Dogmen and Cynocephali

cynocephalusThere are a cluster of mythological or cryptozoological creatures that seem to straddle the line between humanoids and canines. Dogs (descendants of ancient wolves) were the first animals humans ever domesticated, so you can see why they would figure heavily in our folklore. After thousands of years, they have become familiar to us while still remaining alien. The idea of creatures that blend human and canine characteristics can be especially unnerving or disconcerting.

In this post, I won’t try to deal with werewolves and other human–canine shape-shifters. If you want to know a little about those sorts of creatures, I’ve already written a little about them here. Instead, I’ll be dealing with non-shape-shifting creatures that combine in their natural (or supernatural?) form a blending of human and canine characteristics.


We can divide the canine–humanoid population into two broad groups, one more dog-like in overall body shape and one more human-like. Those in the first group have come to be called “dogmen,” especially among cryptozoologists. “Dogmen” possess what might be called a traditional “wolf-man” appearance. They have the overall build of a large dog or wolf, with digitigrade posture, a bushy tail, and often a muscular torso with forelegs longer than hind legs.

They are more often than not associated with modern-day sightings of unusual creatures rather than ancient myths or folklore, though they do sometimes show up in world mythology. For example, the sa’lawiya is a type of ghoul or jinn in the folklore of the Arabian peninsula. They have a form similar to a greyhound, slender and long-legged, but with an ash-gray mane. They enjoy frightening camels away from their grazing area.

The gizotso or “man-wolf” of Basque folklore might be something similar, though I’m not in a position to state that with certainty.


Cynocephalus simply means “dog-head.” It is a term applied to a number of dog-headed humanoids described in European sources as far back as ancient Greece. Unlike dogmen, cynocephali are generally human (or humanoid) from the neck down but possess dog-like or wolf-like heads. While dogmen are said to sometimes walk upright, cynocephali seem to be strictly bipedal and have a plantigrade posture. Furthermore, the generally do not have tails.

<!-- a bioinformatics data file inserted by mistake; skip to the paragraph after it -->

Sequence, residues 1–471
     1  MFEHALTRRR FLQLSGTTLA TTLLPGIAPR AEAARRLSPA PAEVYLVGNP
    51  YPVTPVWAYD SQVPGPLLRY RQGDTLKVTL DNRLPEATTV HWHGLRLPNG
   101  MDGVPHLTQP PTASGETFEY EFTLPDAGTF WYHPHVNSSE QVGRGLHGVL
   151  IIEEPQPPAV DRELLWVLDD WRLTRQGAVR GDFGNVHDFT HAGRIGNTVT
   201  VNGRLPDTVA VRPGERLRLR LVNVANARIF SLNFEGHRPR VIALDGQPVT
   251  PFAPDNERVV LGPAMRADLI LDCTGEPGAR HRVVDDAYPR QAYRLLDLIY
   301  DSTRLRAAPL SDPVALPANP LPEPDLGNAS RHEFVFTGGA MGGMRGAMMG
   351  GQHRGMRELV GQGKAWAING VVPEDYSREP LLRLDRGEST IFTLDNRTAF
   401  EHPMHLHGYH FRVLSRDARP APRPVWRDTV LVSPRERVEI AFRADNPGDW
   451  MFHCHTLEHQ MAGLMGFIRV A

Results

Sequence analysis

These creatures are usually said to inhabit far-off lands such as Ethiopia or India. They also seem to come in a number of different breeds or species.

African Cynocephali

The dog-headed humanoids of Africa are sometimes called cynoprosopi (“dog-face”). At least some of them have beards, and they are all covered in black fur. Despite their animalistic appearance, they are described as a tribe or tribes of more or less human “barbarians.” The dogmen of Libya, for example, were said to fight with the Libyan army, apparently as a sort of auxiliary force. Discussing the cynocephali inhabiting the lands south of Egypt, Aelian states,

After traversing the Egyptian oasis one is confronted for seven whole days with utter desert. Beyond this live the human Kynoprosopoi along the road that leads to Ethiopia. It seems that these creatures live by hunting gazelles and antelopes; further, they are black in appearance, and they have the head and teeth of a dog. And since they resemble this animal, it is very natural that I should mention them here [in a book on Animals]. They are however not endowed with speech, but utter a shrill squeal. Beneath their chin hangs down a beard; we may compare it with the beards of Drakones, and strong and very sharp nails cover their hands. Their whole body is covered with hair—another respect in which they resemble dogs. They are very swift of foot and know the regions that are inaccessible: that is why they appear so hard to capture.

Asian Cynocephali

Both European and Chinese writers spoke of tribes of cynocephali inhabiting Central Asia. For example, the medieval traveler Giovanni da Pian del Carpine reports a tribe of cynocephali living north of Lake Baikal that was encountered by the army of Ogedei Khan. In the an Old English document called The Wonders of the East, similar creatures are called Conopenae. They are described as having a horse-like mane, tusks, and breath “like the blaze of a fire.” They are described in some sources as “hairy giants.” They are sometimes called hemicynes or “half-dogs” and said to inhabit the regions of the extreme north.

Perhaps it is cynocephali of this species that were said to travel with the Germanic Lombards as they invaded western Europe. In his History of the Lombard People, Paul the Deacon writes,